6. The apparatus of claim 5 wherein the lower said bucket section is dimensioned to hold about six cubic feet of mixed sand and gravel and the upper section is dimensioned to hold at least one cubic foot of dry portland cement, whereby suchamounts of cement and the sand and gravel mix may be placed in the bucket for simultaneous dumping into the mixing drum to provide for mixing of concrete having that predetermined ratio of such components.

7. The apparatus of claim 5 wherein said bucket means includes selectively openable and closable door means covering a portion of the upper said bucket section, whereby the door may be closed for introducing cement into the upper section, andthen closed to exclude gravel scooped into the lower section from spilling into the upper section.
Description: BACKGROUND OF THE INVENTION

This invention relates to mixing apparatus, and more particularly to such mixing apparatus mounted to self-propelled vehicles, such as tractors.

Mixing apparatus, as for concrete, is well known and has long been in use. Various well known types of such apparatus have included those mounted to dollies which may be towed by a vehicle from place to place, and those large units which aremounted onto heavy duty truck chassis which may be driven from place to place. While the operation of all of these types of units is relatively conventional and straightforward, loading the mixing drums with the necessary portland cement, sand, graveland water has generally required either substantial additional equipment or strenuous physical work by operators. In the case of the truck mounted apparatus, it has been common practice to build large loading hoppers and conveyors at a base site towhich the truck can back up for loading. With the smaller equipment, it has generally necessitated either shoveling the materials into the mixing drum itself, or into a skip which may be lifted to a loading position, as illustrated in Gilson U.S. Pat. No. 1,685,529, Wagner et al. U.S. Pat. No. 2,327,473 or Beardsley U.S. Pat. No. 3,502,306. However, each of these skip loading structures has still required that the material be either shoveled into the scoop, or carried to it in wheelbarrows orother conveying means.

While there have been several types of tractor mounted equipment, such as Wagner et al. U.S. Pat. No. 2,664,276 and Bolt U.S. Pat. No. 2,815,195, most of the equipment has been for either stationary use, or has been of large scale for use onlarge trucks. This has created a need for convenient, self-propelled small units which may be utilized by a single person operating a vehicle such as a conventional farm tractor.

SUMMARY OF THE INVENTION

It is an object of the present invention to overcome the above-noted disadvantages of the prior art. More particularly, it is an object of this invention to provide tractor mounted mixing apparatus which is convenient for small scale use. It isanother object of the invention to provide such mixing apparatus which may utilize the motive power of the tractor for achieving loading of the mixing drum. It is yet another object of the invention to provide such apparatus in which the loading meansincludes a bucket which may be used to scoop up material and which may then be used either to dump the material into the open end of a mixing drum, or to dump the material elsewhere for discharging.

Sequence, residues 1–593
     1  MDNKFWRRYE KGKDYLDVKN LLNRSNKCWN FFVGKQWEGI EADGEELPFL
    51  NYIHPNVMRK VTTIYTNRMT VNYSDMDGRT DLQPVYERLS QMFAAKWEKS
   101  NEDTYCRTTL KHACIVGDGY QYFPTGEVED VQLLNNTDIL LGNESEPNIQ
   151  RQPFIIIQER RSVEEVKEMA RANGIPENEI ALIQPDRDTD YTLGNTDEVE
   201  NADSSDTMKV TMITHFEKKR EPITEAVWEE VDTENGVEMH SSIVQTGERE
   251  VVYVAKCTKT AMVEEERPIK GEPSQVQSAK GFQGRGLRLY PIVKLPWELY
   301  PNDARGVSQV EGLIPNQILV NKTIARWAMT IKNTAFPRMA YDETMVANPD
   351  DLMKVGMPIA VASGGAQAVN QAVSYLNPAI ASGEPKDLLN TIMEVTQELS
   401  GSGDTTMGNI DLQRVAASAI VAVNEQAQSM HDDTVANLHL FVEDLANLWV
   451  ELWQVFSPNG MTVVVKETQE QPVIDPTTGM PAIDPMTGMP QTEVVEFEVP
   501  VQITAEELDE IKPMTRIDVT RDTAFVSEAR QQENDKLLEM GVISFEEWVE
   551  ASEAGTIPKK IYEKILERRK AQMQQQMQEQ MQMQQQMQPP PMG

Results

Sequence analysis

To achieve these and other objects, which will become apparent to those skilled in the art, tractor mounted, self-loading mixing apparatus is disclosed which includes a mounting frame attachable to a standard three-point hitch mounting at therear of a tractor, a mixing drum rotatably mounted to the frame with one end of the drum being open for receiving and discharging materials therethrough, a mechanism for rotatably driving the drum, and a scoop arrangement pivotally connected to thesupport frame. The scoop includes at least one support arm having one end pivotally connected to the frame for movement between a lowered position with the other end of the arm proximal the ground, and a raised position with the other end proximal thedrum open end, and a mechanism for selectively moving the support arm between the lowered position and the raised position. The scoop further comprises a bucket arrangement including a bucket pivotally mounted to the arm adjacent the arm other end, withthat bucket having an open first end for scooping material thereinto and a second end generally opposed to the first end and including selectively openable gate for selectively opening and closing off that second end, and the bucket being selectivelypivotable between a first position with the first end facing generally downwardly and a second position with the second end facing generally downwardly. The bucket arrangement further includes apparatus for selectively pivoting the bucket between thefirst position and the second position and for holding the bucket at pivotal positions intermediate the first position and second position, whereby the bucket may be positioned intermediate the first and second positions with the open first end facinggenerally horizontally for scooping material such as gravel into the bucket when the support arm is in its lowered position, and then the arm may be raised and the bucket may be pivoted to either the first position for dumping the material out of thefirst end of the bucket, or the second position for dumping the material out the second end of the bucket.